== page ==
Bath Literature Festival: Part 3 – The Poetry Salon

Rebecca Perry - bookThe final part of my day at the Bath Literature Festival was a ‘Poetry Salon’ (a combined interview and reading) with Tim Liardet and Rebecca Perry. Neither of these poets were known to me prior to the event, but when deciding which events to attend, I had looked them up and thought their work sounded interesting.  

Tim Liardet teaches creative writing at Bath Spa University, and his tenth poetry collection, The World Before Snow, has been shortlisted for the T.S.Elliot prize. Rebecca Perry is a graduate of the creative writing programme at Manchester University. Her first full book, Beauty/Beauty, came out in 2015.

The ‘poetry salon’ took place in a room called ‘The Salon’ within Bath’s Guildhall. I did have to ask directions to the room twice, and once there I was slightly frustrated at having to wait out in the corridor until five minutes before the event was due to start, while they carried out sound checks. This would have been fine, except that it was also the location of the toilets, and so the corridor became crowded with people getting in each other’s way for a few minutes.

Inside The Guildhall

Inside The Guildhall

Perry read first, beginning with a poem about the Simpsons character ‘Millhouse’: a sensitive portrayal, both comic and tragic at the same time. Another of Perry’s poems which I found particularly engaging was ‘Hello Little Bird’, based on communication with her friend who is living in the Maldives and missing Britain. The irony of living in a beautiful tourist destination yet missing the cold and rainy weather of the UK comes across well. There was a slightly surreal moment when, as Perry read, the clear trilling of a blackbird seemed to be competing with her voice, despite the cold February evening, and the fact that it was pitch black outside!

Liardet then read from his book The World Before Snow which, he said, “tells an idiosyncratic love story in an idiosyncratic way” using “the self-portrait as a lens for exploring self”. He explained that the book was an attempt to “reinvent” both the self-portrait and the love story.

My favourite poem of his was ‘Self-Portrait with Hiss and Rattle of Sleet’ – a beautiful, loving, close observation of sleet – a cascade of strong words, one after the other, almost like sleet itself. He also read ‘Self-Portrait with Aquarium Octopus Flashing a Mirror’, a poem about an octopus he “met in Barcelona, in a huge aquarium”. I enjoyed this poem but I’m not sure why. I think I’ll have to look up his book and read it for myself.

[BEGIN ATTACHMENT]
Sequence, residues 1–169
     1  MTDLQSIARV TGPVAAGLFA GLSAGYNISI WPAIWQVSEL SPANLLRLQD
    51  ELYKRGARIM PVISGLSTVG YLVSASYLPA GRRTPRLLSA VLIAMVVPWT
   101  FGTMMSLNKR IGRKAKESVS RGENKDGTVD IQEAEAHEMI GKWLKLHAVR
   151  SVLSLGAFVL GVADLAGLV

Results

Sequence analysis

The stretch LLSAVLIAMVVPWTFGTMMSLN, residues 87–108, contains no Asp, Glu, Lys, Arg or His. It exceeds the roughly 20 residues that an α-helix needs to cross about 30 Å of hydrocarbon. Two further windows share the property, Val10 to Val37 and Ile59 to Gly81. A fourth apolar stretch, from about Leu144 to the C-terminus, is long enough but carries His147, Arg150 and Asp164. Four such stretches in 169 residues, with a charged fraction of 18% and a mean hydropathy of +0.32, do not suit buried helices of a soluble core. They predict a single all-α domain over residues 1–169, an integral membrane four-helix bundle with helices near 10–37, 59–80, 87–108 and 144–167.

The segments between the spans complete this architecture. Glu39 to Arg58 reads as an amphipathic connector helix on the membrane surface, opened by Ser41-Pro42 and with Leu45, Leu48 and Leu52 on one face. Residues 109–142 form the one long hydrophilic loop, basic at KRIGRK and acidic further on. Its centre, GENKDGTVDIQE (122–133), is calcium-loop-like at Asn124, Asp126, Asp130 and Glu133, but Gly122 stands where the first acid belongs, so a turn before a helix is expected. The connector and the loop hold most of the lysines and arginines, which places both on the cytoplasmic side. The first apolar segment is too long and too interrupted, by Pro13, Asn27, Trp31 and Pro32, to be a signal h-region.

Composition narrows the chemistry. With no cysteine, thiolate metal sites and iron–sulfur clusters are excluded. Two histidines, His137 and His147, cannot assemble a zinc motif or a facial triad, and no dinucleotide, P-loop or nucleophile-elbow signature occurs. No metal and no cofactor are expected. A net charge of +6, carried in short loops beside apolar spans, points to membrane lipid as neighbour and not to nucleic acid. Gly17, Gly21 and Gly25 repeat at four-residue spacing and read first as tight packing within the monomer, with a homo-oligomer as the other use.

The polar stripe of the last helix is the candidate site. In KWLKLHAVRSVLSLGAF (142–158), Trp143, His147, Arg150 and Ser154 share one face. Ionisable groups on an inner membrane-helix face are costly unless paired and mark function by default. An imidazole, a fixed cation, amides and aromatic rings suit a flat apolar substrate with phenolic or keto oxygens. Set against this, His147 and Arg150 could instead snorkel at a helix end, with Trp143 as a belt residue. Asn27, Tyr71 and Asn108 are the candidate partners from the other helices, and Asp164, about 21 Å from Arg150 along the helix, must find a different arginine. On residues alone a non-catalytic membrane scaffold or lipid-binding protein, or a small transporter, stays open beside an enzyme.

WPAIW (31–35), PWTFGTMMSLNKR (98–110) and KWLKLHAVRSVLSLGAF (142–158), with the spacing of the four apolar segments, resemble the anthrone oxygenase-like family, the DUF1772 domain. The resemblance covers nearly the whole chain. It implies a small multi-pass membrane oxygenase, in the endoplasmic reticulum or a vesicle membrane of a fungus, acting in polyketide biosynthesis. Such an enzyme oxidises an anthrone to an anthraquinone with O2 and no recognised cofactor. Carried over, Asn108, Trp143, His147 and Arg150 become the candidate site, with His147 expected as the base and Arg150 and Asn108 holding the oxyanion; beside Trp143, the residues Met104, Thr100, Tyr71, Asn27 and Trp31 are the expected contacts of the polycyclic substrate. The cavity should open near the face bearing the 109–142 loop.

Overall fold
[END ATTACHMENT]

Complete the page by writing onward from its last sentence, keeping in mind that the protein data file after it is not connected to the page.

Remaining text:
Sources of Inspiration

After reading their work there was more discussion, and an opportunity for the audience to ask questions (they seemed reluctant at first). Both poets spoke about their source of inspiration. Liardet described how he normally lets life “dictate” what to write next, saying that “once you write about what actually happened, it becomes something different – it escalates into something beyond itself”, but he then went on to describe how recently he has been writing, not afterwards, but “whilst in the middle of experiencing the emotion”.

Tim Liardet's book The World Before SnowThe poets also discussed their plans. Perry said that she has not written much since finishing work on her book in September 2014, but is now being drawn towards more abstract writing. Liardet described being inside “the sterile zone you enter when you finish a book – a kind of low grade depression”, saying that he has written a number of “interim poems” recently, while waiting for the next project idea to present itself.

They discussed the ‘poetry world’ as well, and Liardet made some interesting comments about how everything is very prescribed in this area of work, with certain “eerie protocols” that must be observed. Both poets agreed that the British poetry scene is still heavily weighted towards white males, and Liardet described how Sarah Howe (both female and Asian) winning the T.S.Eliot Prize was a positive break in the cycle.

I thoroughly enjoyed this event, despite not having read either of the poets’ work beforehand, and have been inspired to read some of their work when I can get my hands on it. I did have to rush to the station for my return journey to Cardiff, but I was very glad to have made the trip.

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  1. Pingback: Bath Literature Festival: Part 2 – Jane Austen |

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